risk

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Related to Specified risk materials: material risk, SRMS

risk

 [risk]
a danger or hazard; the probability of suffering harm.
attributable risk the amount or proportion of incidence of disease or death (or risk of disease or death) in individuals exposed to a specific risk factor that can be attributed to exposure to that factor; the difference in the risk for unexposed versus exposed individuals.
empiric risk the probability that a trait will occur or recur in a family based solely on experience rather than on knowledge of the causative mechanism. See also genetic risk.
genetic risk the probability that a trait will occur or recur in a family, based on knowledge of its genetic pattern of transmission. See also empiric risk.
relative risk for a disease, death, or other outcome, the ratio of the incidence rate among individuals with a given risk factor to the incidence rate among those without it.
Miller-Keane Encyclopedia and Dictionary of Medicine, Nursing, and Allied Health, Seventh Edition. © 2003 by Saunders, an imprint of Elsevier, Inc. All rights reserved.

risk

(risk), In idiomatic English one is at risk of, not for, a disease, injury, or other untoward event. Avoid redundant phrases such a possible risk and potential risk; an element of uncertainty is inherent in the meaning of the word.
The probability that an event will occur.
Farlex Partner Medical Dictionary © Farlex 2012

risk

(rĭsk)
n.
The possibility of suffering harm or loss; danger.

risk′er n.
The American Heritage® Medical Dictionary Copyright © 2007, 2004 by Houghton Mifflin Company. Published by Houghton Mifflin Company. All rights reserved.

risk

EBM
In clinical trials, a term referring to the possibility of harm or discomfort for study participants.
Segen's Medical Dictionary. © 2012 Farlex, Inc. All rights reserved.

risk

Epidemiology The chance or likelihood that an undesirable event or effect will occur, as a result of use or nonuse, incidence, or influence of a chemical, physical, or biologic agent, especially during a stated period; the probability of developing a given disease over a specified time period. See Minimal risk Managed care The chance or possibility of loss. See Risk sharing Occupational medicine A value determined by the potential severity of the hazard and the frequency of exposure to the 'risky' substance or activity, usually understood to mean the probability of suffering from a particular disease Risk assessment The probability that something will cause injury, combined with the potential severity of that injury. See Absolute risk, Acceptable risk, Assigned risk, Attributable risk, Cancer risk, Cardiac risk, Dread risk, Hazard risk rating, High risk/high impact, Incremental risk, Lifetime risk, No significant risk, Nonattributable risk, Thick conception of risk, Thin conception of risk, Unknown risk.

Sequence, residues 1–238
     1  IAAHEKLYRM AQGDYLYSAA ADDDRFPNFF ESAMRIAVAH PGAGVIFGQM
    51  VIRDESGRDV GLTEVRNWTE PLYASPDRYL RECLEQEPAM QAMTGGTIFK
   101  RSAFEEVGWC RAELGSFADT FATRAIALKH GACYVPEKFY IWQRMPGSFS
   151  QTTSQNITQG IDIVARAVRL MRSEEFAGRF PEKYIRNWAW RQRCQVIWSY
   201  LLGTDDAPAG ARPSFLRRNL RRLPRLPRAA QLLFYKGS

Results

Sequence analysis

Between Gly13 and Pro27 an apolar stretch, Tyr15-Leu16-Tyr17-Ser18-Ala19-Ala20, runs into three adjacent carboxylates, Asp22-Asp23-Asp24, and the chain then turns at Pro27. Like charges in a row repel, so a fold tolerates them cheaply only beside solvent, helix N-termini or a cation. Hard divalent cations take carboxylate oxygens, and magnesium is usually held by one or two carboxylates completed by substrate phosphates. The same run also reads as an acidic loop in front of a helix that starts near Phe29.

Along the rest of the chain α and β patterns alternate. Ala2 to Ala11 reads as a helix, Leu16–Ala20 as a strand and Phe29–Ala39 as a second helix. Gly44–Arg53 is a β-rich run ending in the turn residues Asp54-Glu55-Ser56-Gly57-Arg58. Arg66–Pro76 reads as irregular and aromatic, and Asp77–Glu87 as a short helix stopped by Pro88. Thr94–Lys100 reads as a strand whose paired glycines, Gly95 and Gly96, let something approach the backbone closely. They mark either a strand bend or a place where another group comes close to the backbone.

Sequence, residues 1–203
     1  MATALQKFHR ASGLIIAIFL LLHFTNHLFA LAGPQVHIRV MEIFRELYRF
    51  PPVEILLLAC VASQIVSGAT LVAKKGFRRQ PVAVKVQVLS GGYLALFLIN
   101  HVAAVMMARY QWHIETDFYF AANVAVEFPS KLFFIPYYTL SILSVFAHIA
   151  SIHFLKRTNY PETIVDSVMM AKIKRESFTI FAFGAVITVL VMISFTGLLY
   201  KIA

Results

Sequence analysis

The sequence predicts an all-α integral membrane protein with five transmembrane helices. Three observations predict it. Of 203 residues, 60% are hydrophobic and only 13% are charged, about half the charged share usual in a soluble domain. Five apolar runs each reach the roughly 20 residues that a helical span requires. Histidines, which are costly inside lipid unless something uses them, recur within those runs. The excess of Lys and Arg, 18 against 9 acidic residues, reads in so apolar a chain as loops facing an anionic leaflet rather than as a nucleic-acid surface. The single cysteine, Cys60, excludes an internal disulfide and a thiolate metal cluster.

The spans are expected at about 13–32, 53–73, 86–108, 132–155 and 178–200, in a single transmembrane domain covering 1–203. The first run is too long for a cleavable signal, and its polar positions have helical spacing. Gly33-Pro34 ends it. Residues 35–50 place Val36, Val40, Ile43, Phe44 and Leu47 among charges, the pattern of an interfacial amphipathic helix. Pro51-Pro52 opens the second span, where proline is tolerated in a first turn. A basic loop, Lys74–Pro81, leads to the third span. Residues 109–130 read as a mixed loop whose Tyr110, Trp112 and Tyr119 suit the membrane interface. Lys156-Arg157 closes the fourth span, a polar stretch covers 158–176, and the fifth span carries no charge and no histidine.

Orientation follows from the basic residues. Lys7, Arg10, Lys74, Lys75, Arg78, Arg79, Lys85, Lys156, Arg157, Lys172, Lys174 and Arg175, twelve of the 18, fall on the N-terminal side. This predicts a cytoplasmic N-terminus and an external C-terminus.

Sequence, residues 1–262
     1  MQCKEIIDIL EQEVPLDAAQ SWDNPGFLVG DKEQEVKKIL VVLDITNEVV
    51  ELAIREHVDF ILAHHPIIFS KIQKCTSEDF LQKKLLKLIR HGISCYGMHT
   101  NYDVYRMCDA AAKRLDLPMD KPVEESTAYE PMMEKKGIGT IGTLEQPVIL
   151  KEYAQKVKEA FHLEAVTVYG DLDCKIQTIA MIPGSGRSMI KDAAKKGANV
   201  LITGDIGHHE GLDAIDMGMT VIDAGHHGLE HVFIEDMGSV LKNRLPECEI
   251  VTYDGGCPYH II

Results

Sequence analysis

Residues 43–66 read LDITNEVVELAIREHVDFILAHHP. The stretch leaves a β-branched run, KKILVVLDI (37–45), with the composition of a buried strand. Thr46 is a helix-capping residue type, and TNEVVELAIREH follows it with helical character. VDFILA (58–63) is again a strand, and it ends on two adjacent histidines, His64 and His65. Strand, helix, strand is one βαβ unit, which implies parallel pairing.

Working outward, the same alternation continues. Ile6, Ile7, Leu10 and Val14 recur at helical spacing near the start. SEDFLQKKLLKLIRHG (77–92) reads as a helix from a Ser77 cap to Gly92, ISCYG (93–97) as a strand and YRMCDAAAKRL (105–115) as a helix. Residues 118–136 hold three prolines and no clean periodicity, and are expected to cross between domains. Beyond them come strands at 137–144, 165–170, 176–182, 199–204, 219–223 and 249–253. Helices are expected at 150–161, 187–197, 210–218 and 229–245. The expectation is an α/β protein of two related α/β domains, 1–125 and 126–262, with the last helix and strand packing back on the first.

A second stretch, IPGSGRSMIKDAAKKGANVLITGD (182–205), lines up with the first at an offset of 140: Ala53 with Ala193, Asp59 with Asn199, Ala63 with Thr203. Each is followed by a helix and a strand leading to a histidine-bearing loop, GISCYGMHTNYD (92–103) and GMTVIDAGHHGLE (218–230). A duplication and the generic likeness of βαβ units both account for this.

Risks of disease
Infection
HBV  1:63,000
HCV 1:103,000
HIV 1:493,000
HTLV I/II 1:641,000
HAV  1:1,000,000
Other morbid conditions
MVA 1:6,700
Flood 1:450,000
Earthquake 1:600,000
Lightning 1:1,000,000
McGraw-Hill Concise Dictionary of Modern Medicine. © 2002 by The McGraw-Hill Companies, Inc.

risk

(risk)
1. The probability that an event will occur.
2. The possibility of adverse consequences.
Medical Dictionary for the Health Professions and Nursing © Farlex 2012

risk

(risk)
Probability that an event will occur.
Medical Dictionary for the Dental Professions © Farlex 2012
References in periodicals archive ?
The subcommittee also would like to see a ban of specified risk materials from all animal feed, as well as the exclusion of all mammalian and poultry protein from ruminant feed.
The third element of the new scheme involves extending the list of 'specified risk materials' currently banned from human consumption - the brains, spinal cords and spleens of cattle - to include the whole intestine.
It also is prohibiting specified risk materials, or high-risk parts such as brains, head bones, spinal cord marrow, backbones and intestines.
Tokyo lifted the ban last month on condition that the meat comes from cows aged 20 months or younger, and brains, spinal cords and other specified risk materials that could transmit BSE are removed.
Tokyo has removed the ban on the condition that the beef comes from cows aged up to 20 months and that brains, spinal cords and other specified risk materials that could transmit the brain-wasting disease be properly removed.
The full list of specified risk materials (SRMs) covered by the new Canadian rule includes the skull, brain, eyes, tonsils, spinal cord, trigeminal ganglia (nerves attached to the brain), and dorsal root ganglia (nerves attached to the spinal cord) of cattle aged 30 months or older, plus the distal ileum (part of the small intestine) of cattle of all ages.
Since this is still a hypothetical situation, the SCC decided not to amend the list of specified risk materials to be removed from the human food and animal feed chain.The Committee also discussed the recent paper from the Stanley Prusiner team indicating that certain skeletal muscles of scrapie-infected mice are infectious and may reproduce prions (proteins which spread the disease in animals).
Brains and other specified risk materials, which are regarded as likely to be infected with mad cow disease, or bovine spongiform encephalopathy, are not incinerated for disposal at U.S.
On bovine tallow derivatives, the SSC significantly revised a previous Opinion, saying that in GBR II-category countries it is not necessary to remove the specified risk materials (SRMs) from cattle fit for human consumption.

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